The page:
Much like a condominium agreement, resorts that operate as timeshares split more than use of the property, they also split the cost of running the vacation club with lease owners.  The maintenance fees are payable monthly or sometimes biannually, depending on the contract, and are charged to timeshare owners to cover:

  • Municipal taxes for the property
  • Cost of updating and refurbishing suits, grounds and recreational equipment
  • Landscaping, planting and routine outdoor maintenance
  • Cost of utilities
  • Cost of the administration staff and management of the property
  • Insurance costs

Maintenance fees can also mislead consumers into believing that they own the unit they are paying for.  Unlike purchasing a condominium with a mortgage, and paying homeowner association fees, the consumer will never own the property.  At best, most timeshare contracts are designed as a long-term lease, with a large amount of financial liability and responsibility, for a property that will never be an asset for the timeshare owner.

The High-Risk Disclosure of Maintenance Fees

When consumers purchase a house, or other large ticket item like a new car, there is transparency in the financial documentation provided to the buyer.  You know exactly how many payments you are going to make, what the interest rate is, and the total amount of interest you will be paying for your purchase.   Laws in the United States are in place to ensure that all sellers of large ticket items, provide voluntary disclosure and review the details of the contract with the consumer.

While your timeshare contract may outline the maintenance fees, our clients have shared that very few sales people take the time to review that “fine print”, particularly regarding maintenance fees.   The focus in the sales pitch is about the affordability of the lease, or how much you will be required to pay monthly.   Naturally, they don’t explain that the affordability number they have provided you can change, with very little notice, whether the consumer agrees or not.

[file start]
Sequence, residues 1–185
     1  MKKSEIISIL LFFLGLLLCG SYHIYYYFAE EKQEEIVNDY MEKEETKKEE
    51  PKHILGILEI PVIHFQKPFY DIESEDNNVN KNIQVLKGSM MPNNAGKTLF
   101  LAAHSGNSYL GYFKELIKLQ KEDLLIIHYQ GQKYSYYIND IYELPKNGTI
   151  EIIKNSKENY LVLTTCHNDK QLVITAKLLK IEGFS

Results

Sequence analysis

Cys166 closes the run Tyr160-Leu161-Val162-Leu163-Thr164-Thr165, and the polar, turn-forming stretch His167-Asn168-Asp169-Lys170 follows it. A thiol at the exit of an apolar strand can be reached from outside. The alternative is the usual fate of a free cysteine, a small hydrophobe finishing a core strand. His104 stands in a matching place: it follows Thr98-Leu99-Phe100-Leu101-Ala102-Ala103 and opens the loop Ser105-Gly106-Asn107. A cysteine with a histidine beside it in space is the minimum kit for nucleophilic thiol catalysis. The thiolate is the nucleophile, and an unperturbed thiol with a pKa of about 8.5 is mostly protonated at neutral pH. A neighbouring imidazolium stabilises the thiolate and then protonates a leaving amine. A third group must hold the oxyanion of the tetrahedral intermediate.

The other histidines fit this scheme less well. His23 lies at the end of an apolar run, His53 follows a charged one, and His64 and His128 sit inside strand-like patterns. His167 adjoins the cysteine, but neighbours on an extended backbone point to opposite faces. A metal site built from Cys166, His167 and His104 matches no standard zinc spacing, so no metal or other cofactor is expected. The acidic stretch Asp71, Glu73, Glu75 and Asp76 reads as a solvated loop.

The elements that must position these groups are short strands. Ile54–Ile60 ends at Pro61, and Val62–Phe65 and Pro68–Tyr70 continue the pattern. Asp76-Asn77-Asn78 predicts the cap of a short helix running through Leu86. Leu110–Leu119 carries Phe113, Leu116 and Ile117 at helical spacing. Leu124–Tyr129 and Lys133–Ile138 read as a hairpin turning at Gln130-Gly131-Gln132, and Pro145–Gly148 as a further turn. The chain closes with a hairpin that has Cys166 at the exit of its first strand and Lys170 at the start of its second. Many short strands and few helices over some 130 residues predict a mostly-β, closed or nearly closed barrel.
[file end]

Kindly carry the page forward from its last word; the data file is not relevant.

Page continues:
The Truth About Timeshare Maintenance Fees

  • They can be increased at any time.
  • Fees can be increased more than once, annually.
  • Natural disasters and property damage can significantly increase fees.
  • Renovation of the resort (to update or improve facilities) will increase fees.
  • Many contracts do not have a cap or limit on maintenance fee increases for timeshare owners.

Timeshares are asking you to pay a large, upfront fee, and then a monthly, quarterly or biannual maintenance fee, which can increase at any time, per the resorts discretion.   The truth is that you may not know how expensive your timeshare can become, until you have a problem with skyrocketing fees that no longer fit within your budget.

Remember that less than 2% of timeshares are ever successfully sold, and few owners every recoup their original investment.  Furthermore, as maintenance fees increase, so do online complaints for some of the largest resort companies, making it even more difficult for timeshare owners to find a buyer.   After all, would you want to buy a vacation property when you know that the fees are continually climbing?  Probably not.

If you, or someone you know, is considering purchasing a timeshare, we recommend some of the resources on our consumer protection blog.  Be informed about your purchase and the real cost of owning a timeshare, including the financial risk of increasing maintenance fees.